Oracle Delivers on Earnings But Questions Linger

On the surface, at least, Oracle is having a very good month. Last week, it defied many pundits by successfully overturning the Department of Justice’s block on its PeopleSoft acquisition. On Tuesday, Oracle turned in first-quarter earnings that beat analyst expectations.

Oracle posted earnings of US$509 million for the quarter that ended in August, up from $440 million last year and, at 10 cents per share, a penny better than analyst expectations. Revenue for the quarter was $2.2 billion, up from $2 billion in the same quarter a year before and just about in line with forecasts.

The company, which acknowledged that it had to spend nearly $30 million on the PeopleSoft efforts in its first quarter alone, also said it was comfortable with existing forecasts for its current quarter.

But analysts were quick to point out that just as the court victory left unresolved issues, the earnings report contained some reasons for concern.

Earnings Concerns

For instance, while Oracle’s mainstay database business largely carried the quarter, revenue from applications was off sharply, underscoring in some minds the need to acquire PeopleSoft to grow that leg of its business.

While some slowdown in application sales was expected as customers took a wait-and-see approach to the antitrust proceedings, application sales plunged 69 percent from the fourth quarter to the first. Database sales also carried the bulk of the load in the previous quarter.

“While we expected a slowdown in the applications business to the trial overhang, we were surprised to see a 70 percent decrease quarter-over-quarter,” UBS analyst Heather Bellini wrote in a research note.

Piper Jaffray analyst Tad Piper said Oracle views application sales as a key way of getting more revenue out of customers who have come to trust Oracle as a database software supplier. When that doesn’t happen, he noted, the value of the application business is called into question.

Other analysts pointed out that Oracle might not be able to rely on database growth long-term because that business has largely matured.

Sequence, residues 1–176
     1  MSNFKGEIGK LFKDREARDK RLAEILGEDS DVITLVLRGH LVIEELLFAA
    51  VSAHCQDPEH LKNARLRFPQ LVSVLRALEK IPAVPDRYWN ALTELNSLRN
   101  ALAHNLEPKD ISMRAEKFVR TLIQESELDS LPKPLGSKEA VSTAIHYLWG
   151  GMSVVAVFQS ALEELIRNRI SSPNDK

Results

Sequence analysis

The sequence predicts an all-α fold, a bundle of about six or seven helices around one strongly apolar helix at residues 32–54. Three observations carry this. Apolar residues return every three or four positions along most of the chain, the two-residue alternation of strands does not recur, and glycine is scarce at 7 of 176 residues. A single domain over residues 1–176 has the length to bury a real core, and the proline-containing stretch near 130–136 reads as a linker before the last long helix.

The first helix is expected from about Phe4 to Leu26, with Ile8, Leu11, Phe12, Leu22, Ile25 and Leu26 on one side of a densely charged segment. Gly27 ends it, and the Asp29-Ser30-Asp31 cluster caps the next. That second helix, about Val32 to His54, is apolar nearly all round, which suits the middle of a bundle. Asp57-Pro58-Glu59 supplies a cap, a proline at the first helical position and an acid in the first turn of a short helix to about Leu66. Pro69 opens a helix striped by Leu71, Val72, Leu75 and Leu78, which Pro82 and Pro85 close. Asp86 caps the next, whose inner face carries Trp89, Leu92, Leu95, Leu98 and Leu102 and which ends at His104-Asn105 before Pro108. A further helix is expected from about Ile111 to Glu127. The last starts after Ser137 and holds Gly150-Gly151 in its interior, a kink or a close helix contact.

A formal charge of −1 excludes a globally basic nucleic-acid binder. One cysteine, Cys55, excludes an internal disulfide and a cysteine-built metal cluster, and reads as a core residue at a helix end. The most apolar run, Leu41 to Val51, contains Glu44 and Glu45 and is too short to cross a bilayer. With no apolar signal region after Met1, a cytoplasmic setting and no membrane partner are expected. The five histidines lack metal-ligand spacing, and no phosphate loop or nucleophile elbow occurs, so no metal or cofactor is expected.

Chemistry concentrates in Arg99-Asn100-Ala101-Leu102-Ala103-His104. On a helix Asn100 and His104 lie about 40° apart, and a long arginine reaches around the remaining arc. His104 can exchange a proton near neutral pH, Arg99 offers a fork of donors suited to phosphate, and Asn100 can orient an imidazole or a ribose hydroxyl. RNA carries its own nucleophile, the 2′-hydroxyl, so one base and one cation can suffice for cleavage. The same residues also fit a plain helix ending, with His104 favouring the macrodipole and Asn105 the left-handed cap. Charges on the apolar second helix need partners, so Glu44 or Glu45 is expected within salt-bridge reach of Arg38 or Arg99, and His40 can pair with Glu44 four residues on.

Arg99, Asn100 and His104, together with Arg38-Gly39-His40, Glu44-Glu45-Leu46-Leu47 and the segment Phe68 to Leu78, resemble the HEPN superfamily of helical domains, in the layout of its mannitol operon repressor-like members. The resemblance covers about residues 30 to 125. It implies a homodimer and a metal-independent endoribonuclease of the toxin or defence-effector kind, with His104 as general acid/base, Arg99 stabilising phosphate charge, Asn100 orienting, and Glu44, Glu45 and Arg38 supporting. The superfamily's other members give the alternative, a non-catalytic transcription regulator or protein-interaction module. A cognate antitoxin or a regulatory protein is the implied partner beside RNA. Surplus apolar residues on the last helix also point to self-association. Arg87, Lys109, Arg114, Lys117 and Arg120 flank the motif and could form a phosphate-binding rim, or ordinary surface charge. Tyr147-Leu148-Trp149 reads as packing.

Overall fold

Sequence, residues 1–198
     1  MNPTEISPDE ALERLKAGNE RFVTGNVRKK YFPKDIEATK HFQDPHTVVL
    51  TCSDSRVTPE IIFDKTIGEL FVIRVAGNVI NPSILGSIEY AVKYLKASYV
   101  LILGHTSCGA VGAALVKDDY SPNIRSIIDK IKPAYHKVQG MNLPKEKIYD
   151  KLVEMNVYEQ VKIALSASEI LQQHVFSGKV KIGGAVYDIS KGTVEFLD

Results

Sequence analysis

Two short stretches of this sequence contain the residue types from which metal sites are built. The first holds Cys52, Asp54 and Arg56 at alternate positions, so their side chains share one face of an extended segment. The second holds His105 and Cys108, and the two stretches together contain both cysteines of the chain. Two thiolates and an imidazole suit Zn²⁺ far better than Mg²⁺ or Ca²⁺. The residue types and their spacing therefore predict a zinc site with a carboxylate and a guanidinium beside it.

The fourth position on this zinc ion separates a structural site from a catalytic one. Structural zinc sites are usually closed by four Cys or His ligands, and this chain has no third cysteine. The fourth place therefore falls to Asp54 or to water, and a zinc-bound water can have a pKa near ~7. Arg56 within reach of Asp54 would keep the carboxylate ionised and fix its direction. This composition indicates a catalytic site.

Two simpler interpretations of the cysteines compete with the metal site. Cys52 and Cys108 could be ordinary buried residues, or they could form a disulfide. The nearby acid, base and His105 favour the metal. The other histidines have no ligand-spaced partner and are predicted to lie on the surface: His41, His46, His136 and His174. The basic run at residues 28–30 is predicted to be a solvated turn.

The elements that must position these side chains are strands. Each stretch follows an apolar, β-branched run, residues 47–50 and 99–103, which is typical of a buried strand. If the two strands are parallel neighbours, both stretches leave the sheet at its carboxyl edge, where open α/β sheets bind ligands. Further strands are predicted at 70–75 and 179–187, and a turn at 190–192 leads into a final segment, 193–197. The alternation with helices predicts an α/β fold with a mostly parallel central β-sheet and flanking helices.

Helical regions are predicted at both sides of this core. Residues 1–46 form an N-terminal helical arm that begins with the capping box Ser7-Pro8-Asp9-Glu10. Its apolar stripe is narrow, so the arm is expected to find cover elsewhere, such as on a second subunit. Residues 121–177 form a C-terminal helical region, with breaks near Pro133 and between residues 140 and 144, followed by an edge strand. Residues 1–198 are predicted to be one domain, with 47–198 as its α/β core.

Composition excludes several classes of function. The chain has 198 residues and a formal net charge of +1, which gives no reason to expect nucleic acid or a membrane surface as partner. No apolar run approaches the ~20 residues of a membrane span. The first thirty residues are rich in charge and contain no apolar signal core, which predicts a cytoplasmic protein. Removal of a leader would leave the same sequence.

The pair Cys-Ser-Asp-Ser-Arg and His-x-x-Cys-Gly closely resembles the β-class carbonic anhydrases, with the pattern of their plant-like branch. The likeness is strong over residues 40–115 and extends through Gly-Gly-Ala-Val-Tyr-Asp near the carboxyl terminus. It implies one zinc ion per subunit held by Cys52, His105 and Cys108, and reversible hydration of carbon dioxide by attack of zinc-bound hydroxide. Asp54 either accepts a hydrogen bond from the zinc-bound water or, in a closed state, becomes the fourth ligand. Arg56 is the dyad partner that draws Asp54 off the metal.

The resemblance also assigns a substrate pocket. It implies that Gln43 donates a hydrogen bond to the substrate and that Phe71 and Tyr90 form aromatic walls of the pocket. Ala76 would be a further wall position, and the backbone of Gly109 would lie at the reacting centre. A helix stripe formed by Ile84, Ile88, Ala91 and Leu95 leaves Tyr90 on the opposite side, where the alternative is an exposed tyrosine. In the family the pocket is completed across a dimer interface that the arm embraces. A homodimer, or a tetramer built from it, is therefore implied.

“That’s one of the main reasons for the big acquisition splash,” Forrester analyst Paul Hamerman told the E-Commerce Times. “Oracle’s argument is that it needs more reach to compete in the enterprise application area.”

Not So Bad

Chief Financial Officer Harry You said the company was “disappointed” in the performance of its application business and said a plan to reorganize sales and marketing staff is aimed at boosting sales. Other executives noted that Oracle will soon roll out what it’s calling a major update of its E-Business Suite.

Oracle executives — CEO Larry Ellison did not take part in a conference call — said the results reflect a cautious optimism among customers.

“Our sense is that business optimism is a little bit more cautious, but, in general, business is still decent,” Chairman Jeff Henley said in the call. “It’s competitive. People are still cautious, but we still see real growth.”

Oracle’s results and outlook were more upbeat than many other software companies, including PeopleSoft, and other technology firms, such as Intel, which recently lowered its current-quarter outlook.

“Software companies were the first to show signs that the tech recovery may have been faltering,” Gartner analyst Jeff Comport told the E-Commerce Times.

“You see signs of that weakness in the application side,” he added. “But the fact that Oracle was able to keep its database business moving forward in what almost everyone else says is tougher times shows the strength of that part of the business. It’s the foundation they want to build on with PeopleSoft.”

PeopleSoft Trial Hard

Although they tried to focus on Oracle’s results, executives were forced to answer questions about PeopleSoft and in doing so repeated the company line — that it remains “resolute” in its pursuit of closing the deal.

Copresident Safra Catz acknowledged that European antitrust regulators still remained as a major hurdle and the company said it was not yet in a position to set any kind of time frame for putting the matter to rest. Some analysts have said the drama could drag on for another year or more.

“We continue to be in a waiting period,” Catz said. “There isn’t anything imminent.”

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